The sharing of ideas is well worth the time spent reading and then communicating what you have read to others who appreciate the shared experience of reading. Interesting conversations can be had over what is found in a book. Some people revel in the moment as they share their emotions over a passage. They want to know if someone else felt what they were feeling as they passed through the pages.

Who knew that there were so many forms of reading? There is sub vocalized reading; speed reading; proof reading; re-reading; structure-proposition-evaluation reading, which can be a lot of work when you consider that it is designed to have one read in three passes: 1) for the structure of the work, which might be represented by an outline; 2) for the logical propositions made, organized into chains of inference; 3) for evaluation of the merits of the arguments and conclusions.

Then there’s the survey-question-read-recite-review method often taught in public schools. And the multiple intelligence based methods, which draw upon the reader's diverse ways of thinking and knowing to enrich his or her appreciation of the text.

And finally, there’s the rapid serial visual presentation, or RSVP, which involves presenting the words in a sentence one word at a time at the same location on the display screen, at a specified eccentricity.

Who knew? I always thought reading was reading. I don’t like things to get too complicated and all of these alternate forms of reading present challenges to an activity that I like to engage in for enjoyment and escape. There are times when I read to learn; that is critical, but most often when I sit down or lay down to read I am trying to get away and find something new or find out about someone whose life is exciting and offers me a bit of whimsy.

And then there are times when I read for comprehension. I don’t like skimming. It is noted that when reading for comprehension you are digesting 200-400 words per minute; when skimming you’re slamming down 400-700 words per minute.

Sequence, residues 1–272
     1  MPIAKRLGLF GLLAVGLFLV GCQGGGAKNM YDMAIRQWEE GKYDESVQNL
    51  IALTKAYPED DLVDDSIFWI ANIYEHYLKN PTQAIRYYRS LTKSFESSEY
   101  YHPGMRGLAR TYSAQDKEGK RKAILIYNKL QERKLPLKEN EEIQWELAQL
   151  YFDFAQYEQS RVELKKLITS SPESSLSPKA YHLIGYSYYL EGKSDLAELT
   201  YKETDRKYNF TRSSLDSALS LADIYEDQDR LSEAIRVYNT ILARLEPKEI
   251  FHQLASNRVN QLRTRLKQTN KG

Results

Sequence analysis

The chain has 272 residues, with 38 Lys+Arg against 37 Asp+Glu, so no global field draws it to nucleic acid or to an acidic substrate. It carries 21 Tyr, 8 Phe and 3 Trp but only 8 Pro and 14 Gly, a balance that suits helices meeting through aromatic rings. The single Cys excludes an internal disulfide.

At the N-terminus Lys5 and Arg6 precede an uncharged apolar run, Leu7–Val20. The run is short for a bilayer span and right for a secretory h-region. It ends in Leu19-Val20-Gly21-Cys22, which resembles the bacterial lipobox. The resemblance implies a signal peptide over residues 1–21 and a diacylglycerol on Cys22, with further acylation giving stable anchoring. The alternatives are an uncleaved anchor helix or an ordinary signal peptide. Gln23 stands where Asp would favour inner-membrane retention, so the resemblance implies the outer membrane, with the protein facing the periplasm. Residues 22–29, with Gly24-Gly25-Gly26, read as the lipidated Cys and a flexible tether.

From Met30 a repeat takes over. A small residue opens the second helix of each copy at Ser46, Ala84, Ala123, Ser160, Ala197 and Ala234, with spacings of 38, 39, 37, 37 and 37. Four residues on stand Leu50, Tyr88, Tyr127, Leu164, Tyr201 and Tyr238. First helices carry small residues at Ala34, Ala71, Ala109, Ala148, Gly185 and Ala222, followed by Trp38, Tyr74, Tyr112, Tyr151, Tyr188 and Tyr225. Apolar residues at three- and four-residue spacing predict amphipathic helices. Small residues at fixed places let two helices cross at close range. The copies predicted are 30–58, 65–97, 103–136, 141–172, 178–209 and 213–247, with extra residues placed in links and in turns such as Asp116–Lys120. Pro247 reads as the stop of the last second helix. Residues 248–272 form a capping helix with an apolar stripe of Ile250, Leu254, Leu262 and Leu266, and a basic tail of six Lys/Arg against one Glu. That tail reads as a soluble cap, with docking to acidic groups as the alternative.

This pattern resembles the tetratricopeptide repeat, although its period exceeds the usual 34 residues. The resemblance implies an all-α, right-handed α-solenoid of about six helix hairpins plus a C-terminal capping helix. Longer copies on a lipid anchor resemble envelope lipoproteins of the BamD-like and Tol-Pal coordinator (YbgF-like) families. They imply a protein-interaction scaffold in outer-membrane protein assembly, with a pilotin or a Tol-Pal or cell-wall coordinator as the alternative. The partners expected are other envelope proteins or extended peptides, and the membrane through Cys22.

How can you taste what you’re reading at that rate? How many words are sinking into your brain, allowing you to go where the author wanted to take you?

You would need a seat belt and a crash helmet just in case you had an accident on the information highway!

I like the solitude that reading provides. It is interesting to note, scholars assume that reading aloud was a more common practice way back when and that reading silently was unusual. Look at us today; most of our reading is done silently, it appears to me. We read from digital devices, oftentimes small, personal devices, Nooks and Kindles and Smartphones with screens only large enough to accommodate a single reader.

There are those of us who still enjoy reading from printed materials. And there are the totally social readers who belong to book clubs. But most of our reading is done in the quiet of our own spaces.

Note too that reading in any form is supported here. It can’t hurt to read and to be informed. We need more of that activity. It is the best way, I think, to learn.

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Eric Von is a former radio talk show host and a publisher of Brain Brawn & Body (brainbrawnbody.com). You can contact Eric at eric.von@brainbrawnbody.com.

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Guest Tuesday, 28 March 2017